Sign your PDFs electronically using Preview

Thanks to technology, instead of mailing paper or sending faxes, we can email important documents. But for many people, the biggest hurdle to going all-digital is signatures—how do you sign, say, a PDF document?

In this week’s Macworld video, I’m going to show you how to electronically sign your PDFs using tools you’ve already got on your Mac: a FaceTime or iSight camera and OS X’s Preview application.

Download Macworld Video #191

• Format: MPEG-4/H.264

• Resolution: 480 x 272 (iPhone & iPod compatible)

• Size: 4 MB

• Length: 2 minutes, 17 seconds

Transcript

I’m Macworld senior editor Dan Frakes. Welcome to the Macworld Video.

Electronic documents are becoming more and more popular: Instead of mailing paper or sending faxes, we can just email important documents. But for many people, the biggest hurdle to going all-digital is signatures. How do you sign, say, a PDF document?

In this video, I’m going to show you how to electronically sign your PDF documents using tools you’ve already got on your Mac: a FaceTime or iSight camera and OS X’s Preview application.

The first step is to launch Preview and open its Preferences window. Click Signatures in the window toolbar, and then click Create Signature.

Next, sign your name in black ink on a plain-white piece of paper, and hold that signature a few inches in front of your Mac’s camera. When the onscreen image of the signature roughly fills the preview box and sits on the blue line, Preview will lock onto it. If it looks good, click Accept.

Your electronic signature will appear in the new Signatures list in Preview’s preferences. You can add another signature—say, for another family member—or delete a signature from the list using the plus- and minus-symbol buttons at the bottom of the window.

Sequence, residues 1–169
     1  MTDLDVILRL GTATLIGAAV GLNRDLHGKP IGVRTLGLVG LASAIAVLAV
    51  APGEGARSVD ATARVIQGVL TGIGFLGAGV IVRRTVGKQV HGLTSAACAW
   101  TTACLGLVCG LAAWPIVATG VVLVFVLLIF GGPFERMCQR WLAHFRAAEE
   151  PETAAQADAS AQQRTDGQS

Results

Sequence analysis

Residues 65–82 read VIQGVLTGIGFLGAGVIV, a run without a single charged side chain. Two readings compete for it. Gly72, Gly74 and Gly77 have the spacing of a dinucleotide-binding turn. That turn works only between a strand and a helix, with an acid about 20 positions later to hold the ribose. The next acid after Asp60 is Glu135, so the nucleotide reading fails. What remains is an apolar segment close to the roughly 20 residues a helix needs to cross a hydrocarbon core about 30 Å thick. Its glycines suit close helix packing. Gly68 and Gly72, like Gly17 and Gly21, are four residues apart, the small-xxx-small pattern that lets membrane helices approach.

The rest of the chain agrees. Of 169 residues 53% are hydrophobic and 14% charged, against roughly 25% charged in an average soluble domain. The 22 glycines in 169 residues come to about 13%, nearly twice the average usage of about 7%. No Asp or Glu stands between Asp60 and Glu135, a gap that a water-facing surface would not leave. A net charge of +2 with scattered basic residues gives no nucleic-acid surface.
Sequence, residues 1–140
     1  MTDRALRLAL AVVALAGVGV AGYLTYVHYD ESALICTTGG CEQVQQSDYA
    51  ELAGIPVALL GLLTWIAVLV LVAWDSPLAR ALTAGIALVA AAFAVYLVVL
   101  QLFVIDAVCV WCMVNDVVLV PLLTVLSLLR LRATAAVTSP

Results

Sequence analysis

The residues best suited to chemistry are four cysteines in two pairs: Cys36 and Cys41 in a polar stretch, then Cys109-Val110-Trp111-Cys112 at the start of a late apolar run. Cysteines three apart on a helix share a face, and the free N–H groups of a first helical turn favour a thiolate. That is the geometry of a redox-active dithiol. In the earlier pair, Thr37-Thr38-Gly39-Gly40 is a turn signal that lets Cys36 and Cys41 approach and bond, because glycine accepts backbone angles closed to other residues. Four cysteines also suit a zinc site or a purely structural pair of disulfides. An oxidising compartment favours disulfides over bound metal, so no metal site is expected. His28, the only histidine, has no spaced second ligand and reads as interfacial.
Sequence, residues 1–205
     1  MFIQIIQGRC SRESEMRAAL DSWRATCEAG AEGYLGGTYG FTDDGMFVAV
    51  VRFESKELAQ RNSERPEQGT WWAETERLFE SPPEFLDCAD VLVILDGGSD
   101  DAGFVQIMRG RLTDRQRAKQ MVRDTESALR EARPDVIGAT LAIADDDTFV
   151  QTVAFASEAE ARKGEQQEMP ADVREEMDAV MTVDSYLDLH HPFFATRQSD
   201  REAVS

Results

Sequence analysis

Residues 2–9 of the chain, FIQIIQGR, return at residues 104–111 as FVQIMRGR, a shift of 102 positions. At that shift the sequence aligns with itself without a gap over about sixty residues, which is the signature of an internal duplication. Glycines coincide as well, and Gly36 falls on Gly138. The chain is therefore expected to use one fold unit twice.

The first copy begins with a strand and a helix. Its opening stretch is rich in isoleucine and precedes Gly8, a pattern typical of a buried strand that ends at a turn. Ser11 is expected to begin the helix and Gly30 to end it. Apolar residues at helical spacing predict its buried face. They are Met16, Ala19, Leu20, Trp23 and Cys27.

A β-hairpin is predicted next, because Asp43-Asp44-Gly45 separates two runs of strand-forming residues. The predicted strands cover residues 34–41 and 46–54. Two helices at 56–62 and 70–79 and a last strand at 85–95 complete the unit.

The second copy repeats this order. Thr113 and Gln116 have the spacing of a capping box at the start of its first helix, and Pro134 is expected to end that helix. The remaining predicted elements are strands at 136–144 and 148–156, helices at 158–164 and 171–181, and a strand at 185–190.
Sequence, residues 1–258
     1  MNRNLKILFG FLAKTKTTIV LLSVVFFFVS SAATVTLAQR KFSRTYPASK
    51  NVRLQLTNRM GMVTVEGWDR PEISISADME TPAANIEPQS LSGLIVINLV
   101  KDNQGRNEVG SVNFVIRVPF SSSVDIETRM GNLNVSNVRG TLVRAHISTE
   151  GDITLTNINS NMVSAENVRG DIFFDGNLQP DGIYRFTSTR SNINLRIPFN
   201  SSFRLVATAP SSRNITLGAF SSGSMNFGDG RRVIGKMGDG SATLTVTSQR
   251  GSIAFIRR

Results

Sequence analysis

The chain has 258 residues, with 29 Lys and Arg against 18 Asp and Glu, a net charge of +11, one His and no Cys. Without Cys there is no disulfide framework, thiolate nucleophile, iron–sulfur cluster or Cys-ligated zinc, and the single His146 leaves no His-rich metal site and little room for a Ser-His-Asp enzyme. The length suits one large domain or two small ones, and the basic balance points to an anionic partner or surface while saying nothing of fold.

Now you’re ready to use your electronic signature. Open your document and click the Annotate button in the toolbar to show Preview’s annotation tools. It’s the button that looks like a pencil writing.

Click the signature button, which looks like a capital S on a line, and in the pop-up menu that appears, choose the saved signature you want to use. Then click in the area of the document you want your signature to appear. If the document has a signature line, you can click that line to place the signature precisely.

Once you insert your signature, you can reposition it, as well as make it larger or smaller. Once you’re satisfied with your signature size and placement, you can save the document and email or otherwise send it to the recipient.

Once you’ve created a signature, the annotate toolbar’s Signatures pop-up menu also includes commands to quickly create additional signatures, as well as to manage your saved signatures. The latter command simply opens Preview’s preferences window.

That’s all there is to it—simple PDF signing. Until next time, thanks for watching.

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